News

Behaviours of the ‘digital native’ generation ignored at our peril

16 May 2017


Comment from Andrew Martin, Chief Innovation Officer at Dunstan Thomas

Dunstan Thomas is making its 36-page report of findings from an extensive online survey of 1,000 millennials and 30 on-street video interviews available, in hard copy for the first time at the TISA and Corporate Comms Shop Joint Seminar entitled: ‘Robo-Pensions – The Digital Revolution’, taking place at 1.30-5.25PM on Wednesday 24th May 2017 at Hogan Lovells, Atlantic House, 50 Holborn Viaduct, London EC1A 2FG

Derek Quinnell used to be introduced as the three times British & Irish Lions tourist and Wales International of nearly 10 years standing. All three of his sons have had successful rugby careers, especially his eldest son Scott Quinnell. Scott played number eight for Wales for seven years was Wales’ captain for much of that time. Derek now gets introduced simply as ‘Scott Quinnell’s Dad’.

Top sportsmen have a more acute awareness of a ‘changing of the guard’. The next generation come through and they are forced out of the limelight at some point in their 30s. In business, this process is more gradual. Indeed, business careers seem to be lasting longer, one generation to the next. The Baby Boomer generation, (born between 1946 and 1964, aged 53-71 years old today) are only now retiring at a rate of roughly 700,000 each year in the UK.

The generation I belong to – Generation X – forms the ‘meat in the sandwich’, sandwiched between the Baby Boomers, and the Millennials. The Millenials were born between 1982 and 2004 and are now aged 13 to 35-years old. This generation are the subjects of Dunstan Thomas’ latest consumer study.

As the sandwich generation Gen Xers are able to look back to an apparently more certain, and perhaps more prosperous, period; and then forward into the digital world which millennials are already shaping.

Most millennials won’t even remember a period when websites, smartphones, and social media where not a key feature of our lives. For them, researching and buying products and services online is as natural as shopping on the high street is for Baby Boomers. This goes for financial education, financial advice, financial product researching, buying and administrating, as well as other aspects of millennials’ lives.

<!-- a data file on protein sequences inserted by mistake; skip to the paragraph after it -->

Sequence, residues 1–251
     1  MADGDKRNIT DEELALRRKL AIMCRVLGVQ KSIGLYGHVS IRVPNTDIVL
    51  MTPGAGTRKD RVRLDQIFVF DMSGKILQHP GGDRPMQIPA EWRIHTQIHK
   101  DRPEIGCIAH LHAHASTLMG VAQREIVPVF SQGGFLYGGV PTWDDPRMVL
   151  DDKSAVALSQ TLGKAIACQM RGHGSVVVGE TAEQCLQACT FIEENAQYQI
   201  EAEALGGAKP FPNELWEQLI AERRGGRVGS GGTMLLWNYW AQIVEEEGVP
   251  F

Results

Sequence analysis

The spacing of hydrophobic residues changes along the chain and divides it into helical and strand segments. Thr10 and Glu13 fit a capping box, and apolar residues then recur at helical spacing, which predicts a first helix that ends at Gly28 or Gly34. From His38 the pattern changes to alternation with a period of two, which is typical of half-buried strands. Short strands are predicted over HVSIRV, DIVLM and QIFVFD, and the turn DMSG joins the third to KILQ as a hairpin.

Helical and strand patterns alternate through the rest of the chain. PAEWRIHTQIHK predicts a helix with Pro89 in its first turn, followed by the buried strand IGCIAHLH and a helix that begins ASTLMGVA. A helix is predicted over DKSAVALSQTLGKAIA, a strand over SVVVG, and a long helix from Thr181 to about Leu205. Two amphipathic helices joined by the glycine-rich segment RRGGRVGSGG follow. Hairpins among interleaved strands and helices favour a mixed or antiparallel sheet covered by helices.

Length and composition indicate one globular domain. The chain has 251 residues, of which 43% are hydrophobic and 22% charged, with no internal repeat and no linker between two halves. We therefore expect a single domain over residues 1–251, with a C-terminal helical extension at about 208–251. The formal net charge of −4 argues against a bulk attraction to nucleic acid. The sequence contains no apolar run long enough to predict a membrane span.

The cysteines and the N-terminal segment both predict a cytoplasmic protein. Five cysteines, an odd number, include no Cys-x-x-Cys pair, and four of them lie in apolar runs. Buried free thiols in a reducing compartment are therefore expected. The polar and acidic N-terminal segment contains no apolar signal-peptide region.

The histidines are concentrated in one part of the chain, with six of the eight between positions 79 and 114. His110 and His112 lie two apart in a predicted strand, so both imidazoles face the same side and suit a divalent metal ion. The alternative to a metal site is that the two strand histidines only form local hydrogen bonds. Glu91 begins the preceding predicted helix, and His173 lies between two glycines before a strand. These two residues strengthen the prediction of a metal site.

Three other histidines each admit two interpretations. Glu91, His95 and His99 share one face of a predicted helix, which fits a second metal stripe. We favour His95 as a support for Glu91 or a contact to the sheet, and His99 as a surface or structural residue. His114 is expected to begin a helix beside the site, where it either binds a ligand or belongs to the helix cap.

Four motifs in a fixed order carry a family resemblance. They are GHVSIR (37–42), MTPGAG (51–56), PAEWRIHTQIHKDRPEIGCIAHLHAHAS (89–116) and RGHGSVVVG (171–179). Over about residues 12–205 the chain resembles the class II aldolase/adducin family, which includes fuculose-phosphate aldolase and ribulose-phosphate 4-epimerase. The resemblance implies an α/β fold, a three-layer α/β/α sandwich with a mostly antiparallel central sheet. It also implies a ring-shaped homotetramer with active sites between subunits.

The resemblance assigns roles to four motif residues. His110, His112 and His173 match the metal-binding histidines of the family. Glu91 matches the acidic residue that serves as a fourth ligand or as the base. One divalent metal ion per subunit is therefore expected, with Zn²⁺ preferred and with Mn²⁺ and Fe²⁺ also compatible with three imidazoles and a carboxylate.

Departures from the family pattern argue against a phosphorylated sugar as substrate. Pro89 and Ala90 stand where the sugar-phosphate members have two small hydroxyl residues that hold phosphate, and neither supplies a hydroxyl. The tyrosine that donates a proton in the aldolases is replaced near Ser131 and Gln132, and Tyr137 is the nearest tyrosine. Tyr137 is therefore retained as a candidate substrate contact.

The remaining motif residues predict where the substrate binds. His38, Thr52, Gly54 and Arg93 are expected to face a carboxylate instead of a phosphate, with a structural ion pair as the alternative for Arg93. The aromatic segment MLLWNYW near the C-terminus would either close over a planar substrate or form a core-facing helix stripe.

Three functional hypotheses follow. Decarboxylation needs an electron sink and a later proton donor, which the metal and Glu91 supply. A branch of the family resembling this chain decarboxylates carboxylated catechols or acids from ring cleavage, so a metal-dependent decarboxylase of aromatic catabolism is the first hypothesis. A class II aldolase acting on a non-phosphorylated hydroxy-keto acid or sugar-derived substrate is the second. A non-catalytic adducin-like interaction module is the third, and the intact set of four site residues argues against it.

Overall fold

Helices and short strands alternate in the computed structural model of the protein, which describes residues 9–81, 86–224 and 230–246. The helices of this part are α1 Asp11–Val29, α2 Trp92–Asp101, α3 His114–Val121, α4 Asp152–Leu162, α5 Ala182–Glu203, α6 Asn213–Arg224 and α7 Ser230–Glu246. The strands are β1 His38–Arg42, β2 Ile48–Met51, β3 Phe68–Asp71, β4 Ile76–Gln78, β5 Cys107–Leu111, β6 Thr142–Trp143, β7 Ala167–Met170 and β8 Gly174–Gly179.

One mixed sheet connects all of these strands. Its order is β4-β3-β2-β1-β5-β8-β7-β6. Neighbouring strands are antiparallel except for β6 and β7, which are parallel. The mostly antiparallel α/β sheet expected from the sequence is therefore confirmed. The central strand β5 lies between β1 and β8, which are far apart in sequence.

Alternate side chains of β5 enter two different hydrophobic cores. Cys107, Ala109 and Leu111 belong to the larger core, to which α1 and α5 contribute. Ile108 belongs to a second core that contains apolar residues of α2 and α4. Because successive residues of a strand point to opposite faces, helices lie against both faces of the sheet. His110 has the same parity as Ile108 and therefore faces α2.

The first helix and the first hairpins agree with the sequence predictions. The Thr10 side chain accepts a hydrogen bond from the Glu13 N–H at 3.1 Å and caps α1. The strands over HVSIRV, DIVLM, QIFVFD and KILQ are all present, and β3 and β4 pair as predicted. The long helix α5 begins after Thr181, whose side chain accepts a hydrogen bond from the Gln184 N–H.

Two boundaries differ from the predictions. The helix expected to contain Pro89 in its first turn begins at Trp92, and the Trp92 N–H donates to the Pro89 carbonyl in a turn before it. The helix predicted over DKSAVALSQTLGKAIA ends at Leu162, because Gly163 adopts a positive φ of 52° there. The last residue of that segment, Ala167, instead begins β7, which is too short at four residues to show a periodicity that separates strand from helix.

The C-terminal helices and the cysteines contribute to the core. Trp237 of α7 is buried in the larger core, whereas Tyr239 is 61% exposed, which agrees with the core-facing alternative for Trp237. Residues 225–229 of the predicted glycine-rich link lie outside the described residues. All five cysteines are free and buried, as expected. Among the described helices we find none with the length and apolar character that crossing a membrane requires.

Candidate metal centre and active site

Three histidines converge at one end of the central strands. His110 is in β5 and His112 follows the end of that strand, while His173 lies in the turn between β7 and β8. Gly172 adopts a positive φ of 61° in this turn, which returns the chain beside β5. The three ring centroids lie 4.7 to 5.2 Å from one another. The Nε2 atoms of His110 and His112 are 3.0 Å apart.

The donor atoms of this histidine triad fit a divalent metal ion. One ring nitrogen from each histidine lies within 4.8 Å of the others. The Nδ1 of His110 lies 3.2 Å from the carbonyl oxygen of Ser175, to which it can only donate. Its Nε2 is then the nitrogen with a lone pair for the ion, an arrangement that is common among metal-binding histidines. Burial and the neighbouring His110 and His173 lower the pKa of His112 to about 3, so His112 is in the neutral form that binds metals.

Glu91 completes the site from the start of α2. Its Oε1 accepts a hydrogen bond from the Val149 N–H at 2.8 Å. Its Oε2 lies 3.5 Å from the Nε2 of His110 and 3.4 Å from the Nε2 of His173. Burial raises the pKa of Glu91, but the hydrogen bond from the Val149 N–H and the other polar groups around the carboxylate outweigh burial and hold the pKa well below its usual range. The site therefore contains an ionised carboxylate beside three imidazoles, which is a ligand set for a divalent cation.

The reality is that for many younger millennials today, access to independent financial advice is a pipe dream. They are much more likely to use their banks’ online platforms and tools to self-educate and motivate themselves to reach short-term and even longer-term savings goals.

In our nationwide study of 1,000 millennials, in 2016, we found many millennials were already avid users of micro-investing platforms. They are also using an array of financial apps to carry out daily money management tasks like splitting shopping and utility bills between housemates or saving up for a summer holiday. In the future, if not already, they are going to be avid users of Direct to Consumer (D2C) platforms and robo-advice offerings.

They are going to engage deepest with providers which encourage and stimulate them to save for all their financial goals. In short, those with the best customer engagement strategies for this demographic will command their loyalty.

And customer engagement is not just about digital engagement. As we’ve already seen in the retail sector, it means developing seamless omni-channel (not just digital) strategies. Millennials may still seek face-to-face interaction to take trust to a deeper level as their savings and investment portfolios grow – especially if they feel they need regulated financial advice at any stage.

However, for most providers, customer engagement was previously left to their distributors. These are hundreds or even thousands of independent or ‘restricted’ financial advisers, who were gathering intelligence and then using it to advise and sell providers’ products. They kept close to their customers, providing new options and products as their personal circumstances changed. The dominance of this intermediary layer and the decimation of direct salesforces in the decade preceding RDR, makes today’s task of engaging directly with customers more demanding.

One of the keys to serving any customer better is knowing their circumstances and responding effectively to them. It is important to understand their hopes, desires, ambitions, preferences, and behaviours, addressing them in a language they understand, via channels they are comfortable using.

It’s critical for providers to know how much new customers are looking to save each month and when they want to have achieved a specific financial goal which makes their product(s) relevant. In this way, they can assist and encourage them to reach these goals and command their loyalty in return.

Insight from the interaction data from these new apps and portals must be put to work to help providers understand and engage with the next generation of customers better. It’s about building an iterative loop which builds better mutual understanding.

Engagement is not an option: providers and wealth management firms that don’t build digital offerings with millennials in mind, could be out of business within a generation. The time to start testing, learning and building financial guidance and planning applications for this generation is now.



Andrew Martin is Chief Innovation Officer at Dunstan Thomas

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